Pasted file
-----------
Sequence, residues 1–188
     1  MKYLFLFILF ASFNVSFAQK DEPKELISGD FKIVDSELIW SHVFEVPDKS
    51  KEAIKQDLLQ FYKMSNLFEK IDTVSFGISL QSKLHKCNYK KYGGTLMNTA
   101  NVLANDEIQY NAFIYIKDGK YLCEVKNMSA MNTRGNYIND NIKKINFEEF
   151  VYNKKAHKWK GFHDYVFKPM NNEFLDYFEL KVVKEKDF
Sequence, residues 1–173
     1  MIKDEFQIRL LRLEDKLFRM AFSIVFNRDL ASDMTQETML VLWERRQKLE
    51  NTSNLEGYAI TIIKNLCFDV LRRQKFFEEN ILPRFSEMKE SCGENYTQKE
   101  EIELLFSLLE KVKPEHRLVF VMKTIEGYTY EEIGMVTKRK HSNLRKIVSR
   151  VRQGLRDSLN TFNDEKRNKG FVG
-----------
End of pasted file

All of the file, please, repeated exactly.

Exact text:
Sequence, residues 1–188
     1  MKYLFLFILF ASFNVSFAQK DEPKELISGD FKIVDSELIW SHVFEVPDKS
    51  KEAIKQDLLQ FYKMSNLFEK IDTVSFGISL QSKLHKCNYK KYGGTLMNTA
   101  NVLANDEIQY NAFIYIKDGK YLCEVKNMSA MNTRGNYIND NIKKINFEEF
   151  VYNKKAHKWK GFHDYVFKPM NNEFLDYFEL KVVKEKDF
Sequence, residues 1–173
     1  MIKDEFQIRL LRLEDKLFRM AFSIVFNRDL ASDMTQETML VLWERRQKLE
    51  NTSNLEGYAI TIIKNLCFDV LRRQKFFEEN ILPRFSEMKE SCGENYTQKE
   101  EIELLFSLLE KVKPEHRLVF VMKTIEGYTY EEIGMVTKRK HSNLRKIVSR
   151  VRQGLRDSLN TFNDEKRNKG FVG